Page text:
• if you hear sweeping generalisations and toxic language in a mediation/conflict situation, there is a very good chance that someone feels threatened in some way; perhaps they feel that their perspective has been ignored, not valued or not heard; and
  • if the initial stages of exploring what led to the dispute are avoided, or truncated, and there has been no real attempt to understand each other’s perspective – it is really, really easy for emotions to escalate and the parties move further away from resolution.

Take away from this – it is really important, particularly in settlement discussions, for all parties to listen to each other and try to understand the other person’s perspective – simply ignoring submissions a comment or not attempting to understand an expert’s a different opinion, just means that it will take longer for the dispute to be resolved, which may mean more damage and higher costs.

The “amygdala hijack” is real

Even as I’m writing this, and reliving the challenges over the past few weeks, my limbic system is on high alert, I am feeling the tightness in my chest and the anger and disappointment is starting to resurface – I am biting my tongue – a lot. Even with all the insights I have written about above, and armed with the knowledge of the neuropsychology of conflict, I still had to fight really hard to stay calm and rational.

This has been a really big lesson in what it feels like to experience an “amygdala hijack” – that primal urge to fight or flight (or freeze) when faced with a threat.

It really is impossible to consider another person’s perspective when an amygdala hijack is happening. Would I have compromised and accepted that my perspective may need changing when feeling those emotions – not in a million years.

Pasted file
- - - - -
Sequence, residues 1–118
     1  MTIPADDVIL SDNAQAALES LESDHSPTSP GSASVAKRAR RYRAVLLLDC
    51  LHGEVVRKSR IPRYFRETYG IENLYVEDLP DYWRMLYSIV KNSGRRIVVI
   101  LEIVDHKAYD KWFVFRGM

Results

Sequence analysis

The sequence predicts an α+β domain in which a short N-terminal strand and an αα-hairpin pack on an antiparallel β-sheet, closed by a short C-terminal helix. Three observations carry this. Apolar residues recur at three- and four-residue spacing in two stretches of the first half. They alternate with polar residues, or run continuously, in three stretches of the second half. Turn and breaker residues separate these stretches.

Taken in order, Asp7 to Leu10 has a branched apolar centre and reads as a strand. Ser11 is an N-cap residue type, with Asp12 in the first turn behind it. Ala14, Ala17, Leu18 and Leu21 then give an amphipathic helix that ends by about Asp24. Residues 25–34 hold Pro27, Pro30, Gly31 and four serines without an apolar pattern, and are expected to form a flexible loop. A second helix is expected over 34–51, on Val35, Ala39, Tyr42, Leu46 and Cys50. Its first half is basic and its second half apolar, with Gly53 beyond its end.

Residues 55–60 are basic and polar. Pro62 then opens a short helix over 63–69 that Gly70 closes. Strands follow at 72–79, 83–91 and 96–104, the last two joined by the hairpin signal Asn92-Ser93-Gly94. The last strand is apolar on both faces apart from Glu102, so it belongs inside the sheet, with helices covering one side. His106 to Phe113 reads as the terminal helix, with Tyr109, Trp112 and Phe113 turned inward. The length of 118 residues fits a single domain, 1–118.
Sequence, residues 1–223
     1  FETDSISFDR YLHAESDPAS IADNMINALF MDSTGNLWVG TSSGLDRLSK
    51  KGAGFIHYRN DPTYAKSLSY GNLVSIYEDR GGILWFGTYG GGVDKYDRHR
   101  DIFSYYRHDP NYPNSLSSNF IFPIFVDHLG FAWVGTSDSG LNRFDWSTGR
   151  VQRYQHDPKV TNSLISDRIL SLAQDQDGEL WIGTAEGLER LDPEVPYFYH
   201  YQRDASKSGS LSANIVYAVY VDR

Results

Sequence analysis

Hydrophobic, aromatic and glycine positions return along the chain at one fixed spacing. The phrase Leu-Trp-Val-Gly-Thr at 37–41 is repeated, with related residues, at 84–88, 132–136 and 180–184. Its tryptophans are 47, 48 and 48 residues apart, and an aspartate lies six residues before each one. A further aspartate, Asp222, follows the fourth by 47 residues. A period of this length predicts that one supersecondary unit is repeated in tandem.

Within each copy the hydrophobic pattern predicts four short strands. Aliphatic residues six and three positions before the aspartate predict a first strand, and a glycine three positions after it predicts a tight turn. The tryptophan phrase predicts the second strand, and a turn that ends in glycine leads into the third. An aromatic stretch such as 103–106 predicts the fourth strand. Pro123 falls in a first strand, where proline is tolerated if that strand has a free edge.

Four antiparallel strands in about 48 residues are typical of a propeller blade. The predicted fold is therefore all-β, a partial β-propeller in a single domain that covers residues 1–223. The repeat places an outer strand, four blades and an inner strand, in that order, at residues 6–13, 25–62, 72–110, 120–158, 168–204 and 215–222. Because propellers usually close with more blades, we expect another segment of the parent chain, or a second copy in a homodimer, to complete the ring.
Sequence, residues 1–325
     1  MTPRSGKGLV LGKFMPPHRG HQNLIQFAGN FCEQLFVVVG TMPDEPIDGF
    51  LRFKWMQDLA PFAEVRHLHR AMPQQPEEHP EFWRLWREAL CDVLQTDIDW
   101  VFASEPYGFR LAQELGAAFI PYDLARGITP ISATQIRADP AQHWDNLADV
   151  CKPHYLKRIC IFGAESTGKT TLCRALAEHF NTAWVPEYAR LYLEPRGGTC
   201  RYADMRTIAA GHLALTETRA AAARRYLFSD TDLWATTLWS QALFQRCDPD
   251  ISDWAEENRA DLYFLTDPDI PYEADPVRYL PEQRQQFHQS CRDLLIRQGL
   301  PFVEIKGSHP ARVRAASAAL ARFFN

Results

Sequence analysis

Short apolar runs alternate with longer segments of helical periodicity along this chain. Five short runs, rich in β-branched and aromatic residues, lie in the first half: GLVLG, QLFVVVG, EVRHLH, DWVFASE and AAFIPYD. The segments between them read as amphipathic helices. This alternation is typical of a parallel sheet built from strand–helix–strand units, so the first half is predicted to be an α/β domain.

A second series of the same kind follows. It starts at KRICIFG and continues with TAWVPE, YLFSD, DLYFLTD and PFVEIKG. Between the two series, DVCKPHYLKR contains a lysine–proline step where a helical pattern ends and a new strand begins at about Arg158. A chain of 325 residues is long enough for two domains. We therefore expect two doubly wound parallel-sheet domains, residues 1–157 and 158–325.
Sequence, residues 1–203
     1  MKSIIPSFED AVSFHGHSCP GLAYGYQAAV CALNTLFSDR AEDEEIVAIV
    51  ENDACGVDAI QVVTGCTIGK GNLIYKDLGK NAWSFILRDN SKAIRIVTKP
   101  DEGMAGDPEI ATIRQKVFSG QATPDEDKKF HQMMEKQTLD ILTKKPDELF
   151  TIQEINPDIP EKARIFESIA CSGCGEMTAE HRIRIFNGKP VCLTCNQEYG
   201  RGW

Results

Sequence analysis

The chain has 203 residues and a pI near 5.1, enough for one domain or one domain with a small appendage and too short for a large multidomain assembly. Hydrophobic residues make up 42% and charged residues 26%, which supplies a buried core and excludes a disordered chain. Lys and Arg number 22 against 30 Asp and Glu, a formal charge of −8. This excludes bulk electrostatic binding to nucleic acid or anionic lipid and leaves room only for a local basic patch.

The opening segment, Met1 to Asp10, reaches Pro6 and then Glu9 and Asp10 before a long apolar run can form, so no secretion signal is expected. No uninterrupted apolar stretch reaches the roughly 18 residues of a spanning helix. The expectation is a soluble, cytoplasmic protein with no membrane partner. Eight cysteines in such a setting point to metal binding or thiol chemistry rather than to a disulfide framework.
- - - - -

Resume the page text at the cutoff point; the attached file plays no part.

So, as a mediator, I am now on even higher alert for signs of an amygdala hijack (from the parties or their lawyers) and actively intervene to give parties the tools to get that amygdala back under control.

Never underestimate the value of a neutral facilitator

Finally, I had the benefit of an understanding of the psychology of conflict, and could see what was happening as my teens and I stepped into the ring. However,  I could not have extracted myself from that situation without a (somewhat) neutral person assisting in drawing out some of the common ground, giving myself and my teens the opportunity to speak uninterrupted, and neutralising some of the toxicity.

It has been exhausting from all concerned – and is probably the reason my husband needed to go to a studio, crank the volume on his amp and play his guitar for a few hours – but we have got through this round with relationships intact and the air cleared.

And I have had a great first hand experience on the dynamics of what is going on in a conflict situation and steps that can be taken to bring it to a resolution.

If you would like to discuss any aspects of mediating, face to face or online, please contact me on 0421 048 456 or by email – jsomerville@r3resolutions.com.au. You can also connect with me on LinkedIn to share information in relation to mediating generally. My available dates, and bookings, for both face to face and online mediations can be found on the website, or by calling me on 0421 048 456